Better-than-1080p OLEDs are now the norm for most mainstream phones, but Motorola has still found one way to make the Edge 40 Pro’s 6.67in panel stand out. A 165Hz refresh rate puts it on par with dedicated gaming phones for stutter-free scrolling and velvety motion, with your choice of fixed or adaptive refresh to prioritise battery life over smoothness. It’s as instantly responsive as you’d expect, even if a few third-party apps didn’t seem to trigger the higher refresh rates when using the automatic mode.
The panel is also brighter than last year’s Edge 30 Ultra, hitting a peak 1300 nits in its high brightness mode. That’s more than enough to see clearly outdoors, if not quite on par with class leaders such as the iPhone 14 and Galaxy S23, and gives HDR content plenty of punch as well. It plays nicely with both Dolby Vision and HDR10+, with streaming services really benefiting from the mix of bright highlights and deep shadows versus their SDR versions.
Naturally with an OLED you’re getting seriously vibrant colours and outstanding contrast, plus excellent viewing angles. We’d say things are a little too intense out of the box, but while Motorola doesn’t offer much in the way of display tweakage (just two colour presets and a simple temperature slider), the Natural option does dials things back to a more true-to-life palette. We had no complaints when it came to screen clarity, the 2400×1080 resolution looking perfectly crisp even at very close distance.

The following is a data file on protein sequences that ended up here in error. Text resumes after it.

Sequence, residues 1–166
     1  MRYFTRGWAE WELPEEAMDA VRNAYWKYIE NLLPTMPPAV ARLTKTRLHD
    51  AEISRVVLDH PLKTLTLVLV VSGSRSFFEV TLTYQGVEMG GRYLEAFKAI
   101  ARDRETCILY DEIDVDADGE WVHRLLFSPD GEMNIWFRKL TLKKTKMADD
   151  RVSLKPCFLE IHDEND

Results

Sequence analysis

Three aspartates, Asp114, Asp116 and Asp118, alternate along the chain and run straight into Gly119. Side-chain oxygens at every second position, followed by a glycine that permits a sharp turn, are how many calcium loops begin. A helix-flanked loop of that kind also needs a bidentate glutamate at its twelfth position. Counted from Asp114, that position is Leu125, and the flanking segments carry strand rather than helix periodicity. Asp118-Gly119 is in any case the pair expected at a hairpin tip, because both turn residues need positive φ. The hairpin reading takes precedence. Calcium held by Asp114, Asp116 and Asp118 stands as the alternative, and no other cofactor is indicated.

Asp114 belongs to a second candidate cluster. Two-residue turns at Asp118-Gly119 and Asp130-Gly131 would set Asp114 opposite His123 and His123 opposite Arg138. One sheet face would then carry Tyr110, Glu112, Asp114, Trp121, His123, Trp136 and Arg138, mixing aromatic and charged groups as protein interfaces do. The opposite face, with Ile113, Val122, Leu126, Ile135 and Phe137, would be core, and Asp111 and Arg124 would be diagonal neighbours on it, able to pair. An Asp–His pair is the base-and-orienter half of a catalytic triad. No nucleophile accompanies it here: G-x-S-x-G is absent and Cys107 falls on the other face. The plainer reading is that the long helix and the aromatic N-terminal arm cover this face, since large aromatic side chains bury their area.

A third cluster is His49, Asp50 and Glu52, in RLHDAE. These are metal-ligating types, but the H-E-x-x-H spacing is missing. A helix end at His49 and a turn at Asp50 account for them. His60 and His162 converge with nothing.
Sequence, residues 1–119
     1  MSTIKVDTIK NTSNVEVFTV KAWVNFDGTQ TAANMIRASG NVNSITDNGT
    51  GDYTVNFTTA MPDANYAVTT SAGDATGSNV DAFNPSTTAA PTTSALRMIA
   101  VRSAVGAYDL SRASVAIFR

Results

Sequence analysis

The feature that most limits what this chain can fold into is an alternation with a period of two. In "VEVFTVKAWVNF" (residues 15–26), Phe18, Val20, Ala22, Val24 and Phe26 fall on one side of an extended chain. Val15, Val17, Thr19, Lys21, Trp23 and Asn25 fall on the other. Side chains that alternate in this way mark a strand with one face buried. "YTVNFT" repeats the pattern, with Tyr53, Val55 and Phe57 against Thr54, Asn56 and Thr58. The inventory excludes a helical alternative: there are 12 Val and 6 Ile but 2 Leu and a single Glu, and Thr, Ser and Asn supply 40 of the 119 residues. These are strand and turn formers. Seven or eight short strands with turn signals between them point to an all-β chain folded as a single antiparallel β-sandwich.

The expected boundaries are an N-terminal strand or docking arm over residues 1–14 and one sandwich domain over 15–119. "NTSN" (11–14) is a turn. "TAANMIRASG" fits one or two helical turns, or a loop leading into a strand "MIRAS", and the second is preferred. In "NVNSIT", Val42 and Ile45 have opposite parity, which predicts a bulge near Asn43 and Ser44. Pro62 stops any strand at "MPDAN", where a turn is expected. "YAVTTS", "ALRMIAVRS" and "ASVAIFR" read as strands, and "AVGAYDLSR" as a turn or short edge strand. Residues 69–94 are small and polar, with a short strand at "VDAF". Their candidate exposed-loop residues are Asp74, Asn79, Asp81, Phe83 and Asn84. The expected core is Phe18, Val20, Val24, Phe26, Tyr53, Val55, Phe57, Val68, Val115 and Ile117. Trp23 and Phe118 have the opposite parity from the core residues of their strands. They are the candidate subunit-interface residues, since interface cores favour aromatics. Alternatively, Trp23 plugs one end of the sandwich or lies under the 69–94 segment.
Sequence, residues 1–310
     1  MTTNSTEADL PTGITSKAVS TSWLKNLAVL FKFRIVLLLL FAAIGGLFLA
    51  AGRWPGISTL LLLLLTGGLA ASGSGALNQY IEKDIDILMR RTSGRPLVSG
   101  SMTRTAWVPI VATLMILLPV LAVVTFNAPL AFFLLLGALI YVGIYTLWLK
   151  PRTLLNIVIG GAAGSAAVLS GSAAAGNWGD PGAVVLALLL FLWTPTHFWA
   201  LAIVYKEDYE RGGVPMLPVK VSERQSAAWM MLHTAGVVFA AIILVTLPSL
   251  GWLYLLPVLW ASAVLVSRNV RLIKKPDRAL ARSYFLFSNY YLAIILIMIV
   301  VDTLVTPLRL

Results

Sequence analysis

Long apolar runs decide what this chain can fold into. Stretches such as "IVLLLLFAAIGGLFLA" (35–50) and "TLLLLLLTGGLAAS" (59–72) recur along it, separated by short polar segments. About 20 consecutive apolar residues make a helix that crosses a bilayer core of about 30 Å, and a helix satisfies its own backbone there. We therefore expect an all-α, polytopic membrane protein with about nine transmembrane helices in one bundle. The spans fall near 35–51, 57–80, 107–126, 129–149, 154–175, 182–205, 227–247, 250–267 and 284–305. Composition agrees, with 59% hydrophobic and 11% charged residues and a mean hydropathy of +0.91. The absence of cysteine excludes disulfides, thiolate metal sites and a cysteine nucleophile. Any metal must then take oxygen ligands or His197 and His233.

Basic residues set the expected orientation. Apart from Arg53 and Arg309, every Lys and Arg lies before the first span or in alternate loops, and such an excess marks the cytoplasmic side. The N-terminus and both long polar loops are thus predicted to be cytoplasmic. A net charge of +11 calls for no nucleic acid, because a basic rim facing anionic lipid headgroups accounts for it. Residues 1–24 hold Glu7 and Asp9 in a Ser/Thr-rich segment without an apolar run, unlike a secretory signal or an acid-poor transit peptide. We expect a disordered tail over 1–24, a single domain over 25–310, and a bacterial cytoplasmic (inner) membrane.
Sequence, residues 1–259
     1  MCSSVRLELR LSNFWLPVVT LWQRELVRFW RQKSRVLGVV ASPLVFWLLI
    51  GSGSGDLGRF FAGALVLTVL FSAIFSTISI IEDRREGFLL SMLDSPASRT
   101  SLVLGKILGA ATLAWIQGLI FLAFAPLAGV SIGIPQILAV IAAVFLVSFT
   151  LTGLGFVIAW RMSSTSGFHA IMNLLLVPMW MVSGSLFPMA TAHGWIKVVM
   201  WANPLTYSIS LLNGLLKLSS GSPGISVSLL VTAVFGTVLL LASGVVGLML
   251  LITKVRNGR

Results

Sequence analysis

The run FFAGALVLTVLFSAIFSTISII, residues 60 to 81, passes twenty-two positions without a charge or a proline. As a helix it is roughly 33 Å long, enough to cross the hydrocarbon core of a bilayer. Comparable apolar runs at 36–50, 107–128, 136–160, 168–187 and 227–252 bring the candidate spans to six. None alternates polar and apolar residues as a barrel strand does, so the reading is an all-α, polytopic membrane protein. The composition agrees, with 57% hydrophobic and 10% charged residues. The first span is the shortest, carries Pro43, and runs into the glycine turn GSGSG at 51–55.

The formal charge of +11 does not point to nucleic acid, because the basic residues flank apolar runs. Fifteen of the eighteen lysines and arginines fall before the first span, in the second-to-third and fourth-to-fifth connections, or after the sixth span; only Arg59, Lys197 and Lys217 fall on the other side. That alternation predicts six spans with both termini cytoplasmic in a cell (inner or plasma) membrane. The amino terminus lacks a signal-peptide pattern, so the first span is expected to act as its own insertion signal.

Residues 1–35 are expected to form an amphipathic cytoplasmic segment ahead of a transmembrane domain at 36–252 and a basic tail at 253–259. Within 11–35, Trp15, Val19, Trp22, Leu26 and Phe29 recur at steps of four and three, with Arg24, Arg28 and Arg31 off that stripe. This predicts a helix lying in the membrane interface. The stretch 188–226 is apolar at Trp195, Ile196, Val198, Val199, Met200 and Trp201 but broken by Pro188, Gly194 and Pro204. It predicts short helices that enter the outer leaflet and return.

A set of Dolby Atmos-approved stereo speakers are a great match to the screen, with a decently wide soundstage for a phone. They’re tuned to deliver clear vocals, making them ideal for podcasts and YouTube videos, but certain music genres come across as overly sharp when you really crank the volume. Dial it back a few notches and you’ll be perfectly happy, though. It’s Bluetooth all the way for personal listening, with no 3.5mm headphone port on the phone and no dongle in the box.
Cameras: far more flexible
An uninspiring depth lens meant last year’s Edge 30 Pro was one snapper short of success, so Motorola made sure the same didn’t happen with its replacement. The Edge 40 Pro gets a far more useful portrait telephoto camera to go with its main and wide-angle shooters; it’s good for 2x optical zoom, and promises bokeh-filled portraits courtesy of an f/1.6 aperture. But at 12MP it’s still in third place to the other cams, which have 50MP sensors.